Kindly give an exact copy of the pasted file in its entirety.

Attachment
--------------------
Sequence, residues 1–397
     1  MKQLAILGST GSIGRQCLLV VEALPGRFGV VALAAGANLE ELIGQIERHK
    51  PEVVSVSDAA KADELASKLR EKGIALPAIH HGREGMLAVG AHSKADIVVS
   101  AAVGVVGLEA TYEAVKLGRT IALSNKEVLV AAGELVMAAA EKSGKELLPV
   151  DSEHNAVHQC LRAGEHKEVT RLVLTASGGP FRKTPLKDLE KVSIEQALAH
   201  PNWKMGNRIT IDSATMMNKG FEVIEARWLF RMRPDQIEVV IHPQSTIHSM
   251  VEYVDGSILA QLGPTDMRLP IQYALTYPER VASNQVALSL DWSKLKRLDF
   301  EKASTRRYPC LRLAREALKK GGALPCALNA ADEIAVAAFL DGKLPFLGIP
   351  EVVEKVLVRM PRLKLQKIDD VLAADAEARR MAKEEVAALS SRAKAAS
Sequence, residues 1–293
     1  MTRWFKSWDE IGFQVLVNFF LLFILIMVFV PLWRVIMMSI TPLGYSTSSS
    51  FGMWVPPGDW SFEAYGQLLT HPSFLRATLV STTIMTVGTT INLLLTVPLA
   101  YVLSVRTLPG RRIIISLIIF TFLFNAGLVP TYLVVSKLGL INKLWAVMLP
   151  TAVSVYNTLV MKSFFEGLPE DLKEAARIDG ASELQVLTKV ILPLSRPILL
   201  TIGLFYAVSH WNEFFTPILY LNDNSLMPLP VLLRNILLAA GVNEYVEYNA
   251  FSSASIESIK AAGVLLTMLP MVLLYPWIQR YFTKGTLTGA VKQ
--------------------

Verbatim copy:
Sequence, residues 1–397
     1  MKQLAILGST GSIGRQCLLV VEALPGRFGV VALAAGANLE ELIGQIERHK
    51  PEVVSVSDAA KADELASKLR EKGIALPAIH HGREGMLAVG AHSKADIVVS
   101  AAVGVVGLEA TYEAVKLGRT IALSNKEVLV AAGELVMAAA EKSGKELLPV
   151  DSEHNAVHQC LRAGEHKEVT RLVLTASGGP FRKTPLKDLE KVSIEQALAH
   201  PNWKMGNRIT IDSATMMNKG FEVIEARWLF RMRPDQIEVV IHPQSTIHSM
   251  VEYVDGSILA QLGPTDMRLP IQYALTYPER VASNQVALSL DWSKLKRLDF
   301  EKASTRRYPC LRLAREALKK GGALPCALNA ADEIAVAAFL DGKLPFLGIP
   351  EVVEKVLVRM PRLKLQKIDD VLAADAEARR MAKEEVAALS SRAKAAS
Sequence, residues 1–293
     1  MTRWFKSWDE IGFQVLVNFF LLFILIMVFV PLWRVIMMSI TPLGYSTSSS
    51  FGMWVPPGDW SFEAYGQLLT HPSFLRATLV STTIMTVGTT INLLLTVPLA
   101  YVLSVRTLPG RRIIISLIIF TFLFNAGLVP TYLVVSKLGL INKLWAVMLP
   151  TAVSVYNTLV MKSFFEGLPE DLKEAARIDG ASELQVLTKV ILPLSRPILL
   201  TIGLFYAVSH WNEFFTPILY LNDNSLMPLP VLLRNILLAA GVNEYVEYNA
   251  FSSASIESIK AAGVLLTMLP MVLLYPWIQR YFTKGTLTGA VKQ